McGuffin – Definition & Detailed Explanation – Screenwriting Glossary Terms

What is a McGuffin?

A McGuffin is a term coined by filmmaker Alfred Hitchcock to refer to an object, person, or goal that serves as a driving force for the characters in a story. The McGuffin is typically an item of great importance that motivates the characters to take action and move the plot forward. However, the actual nature of the McGuffin is often irrelevant to the overall story and serves primarily as a plot device to create conflict and tension.

Examples of McGuffins in Film

One of the most famous examples of a McGuffin in film is the briefcase in Quentin Tarantino’s “Pulp Fiction.” The contents of the briefcase are never revealed, but it serves as a catalyst for the characters’ actions throughout the film. Another classic example is the Maltese Falcon in the film of the same name, where the characters are all in pursuit of the valuable statue, even though its true worth is never fully explained.

The Purpose of a McGuffin in Screenwriting

The primary purpose of a McGuffin in screenwriting is to create tension and drive the plot forward. By introducing an object or goal that the characters are all in pursuit of, the writer can create conflict and motivation for the characters to take action. The McGuffin also serves as a way to keep the audience engaged and invested in the story, as they are eager to see how the characters will ultimately obtain or achieve the object of their desire.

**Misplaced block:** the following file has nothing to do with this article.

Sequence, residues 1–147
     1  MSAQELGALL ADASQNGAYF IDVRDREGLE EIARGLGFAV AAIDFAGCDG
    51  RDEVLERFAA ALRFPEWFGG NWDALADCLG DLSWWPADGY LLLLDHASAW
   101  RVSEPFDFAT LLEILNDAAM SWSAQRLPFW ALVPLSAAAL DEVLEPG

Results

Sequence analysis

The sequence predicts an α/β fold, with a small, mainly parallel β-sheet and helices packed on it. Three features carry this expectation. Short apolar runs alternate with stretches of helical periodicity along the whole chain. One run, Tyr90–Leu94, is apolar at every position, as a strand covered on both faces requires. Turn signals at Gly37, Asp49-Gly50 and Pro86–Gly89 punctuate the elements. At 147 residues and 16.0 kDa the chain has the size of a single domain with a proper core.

How to Use a McGuffin Effectively

To use a McGuffin effectively in a screenplay, it is important to establish the importance of the object or goal early on in the story. The McGuffin should be introduced in a way that makes it clear why the characters are willing to go to great lengths to obtain it. Additionally, the McGuffin should be integrated into the plot in a way that feels organic and natural, rather than forced or contrived.

Common Mistakes to Avoid When Using a McGuffin

One common mistake when using a McGuffin in a screenplay is making the object or goal too obvious or predictable. The best McGuffins are those that are shrouded in mystery and intrigue, keeping the audience guessing until the very end. Another mistake is relying too heavily on the McGuffin to drive the plot, rather than developing strong character motivations and relationships. The McGuffin should enhance the story, not overshadow it.

The Evolution of the McGuffin in Film

Over the years, the concept of the McGuffin has evolved in film to encompass a wider range of objects, goals, and motivations. While the traditional McGuffin was often a physical object of great value, modern filmmakers have expanded the definition to include more abstract concepts such as love, power, or redemption. Regardless of its form, the McGuffin remains a powerful tool for screenwriters to create tension, conflict, and excitement in their stories.